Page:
It is hard to imagine that with the state of modern medicine that a child may still be at risk of birth injuries. But the fact is, an estimated 7 out 1,000 live births result is some type of birth injury. This includes injuries that are relatively minor and resolve on their own with no medical intervention, as well as those that are permanent and severe enough to be debilitating, and which cannot be repaired.

Among the former are some cases of brachial plexus injury, also called Erb’s Palsy, which may occur for a variety of reasons, one of which is obstetric. The brachial plexus is a group of nerves that conducts signals to the spinal cord to control shoulder, arm and hand movement. In an obstetric trauma, the newborn may experience injury to the brachial plexus during a difficult birth independent of any medical error, but it may also be due to excessive pressure brought on the shoulder, where the brachial plexus is located, or the incorrect use of birthing instruments. When the injury is minor, the newborn may exhibit some difficulty in moving the affected arm but the nerve damage is repaired within three months of the birth. In other cases, the damage is too severe for natural resolution, and results in permanent disability. In severe cases, the affected arm develops asymmetrically and has limited movement.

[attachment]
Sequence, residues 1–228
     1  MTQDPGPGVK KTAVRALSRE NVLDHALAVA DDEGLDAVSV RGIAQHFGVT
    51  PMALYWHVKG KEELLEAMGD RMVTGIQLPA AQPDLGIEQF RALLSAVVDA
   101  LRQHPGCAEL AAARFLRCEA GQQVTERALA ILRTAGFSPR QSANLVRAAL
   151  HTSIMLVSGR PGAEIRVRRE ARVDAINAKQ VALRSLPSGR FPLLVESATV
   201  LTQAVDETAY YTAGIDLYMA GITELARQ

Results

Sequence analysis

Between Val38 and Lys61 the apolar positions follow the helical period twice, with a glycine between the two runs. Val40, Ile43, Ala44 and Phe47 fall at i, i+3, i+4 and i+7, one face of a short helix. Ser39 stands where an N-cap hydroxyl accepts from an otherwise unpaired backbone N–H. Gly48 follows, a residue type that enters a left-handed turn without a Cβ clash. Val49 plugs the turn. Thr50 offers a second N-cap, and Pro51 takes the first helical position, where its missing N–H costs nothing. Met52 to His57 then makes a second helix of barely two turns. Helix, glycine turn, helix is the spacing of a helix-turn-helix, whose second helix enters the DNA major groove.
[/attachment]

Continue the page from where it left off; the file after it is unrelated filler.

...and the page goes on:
When birth injury is to the brain, one of the numerous possible results is cerebral palsy. This is a neuromuscular disorder wherein the affected individual is unable to control certain movements, and may also affect depth perception and cognition, depending on the extent and location of the injury. While the cause is cerebral palsy is largely unknown, there are instances when medical error is clearly indicated such as the failure to respond appropriately to fetal distress during difficult labor, in which case the resulting physical disability can be presumed to be due to physician negligence.

If your child suffered from birth injury due to medical error or negligence, the effects can be significant and long-term for both the injured child and the family.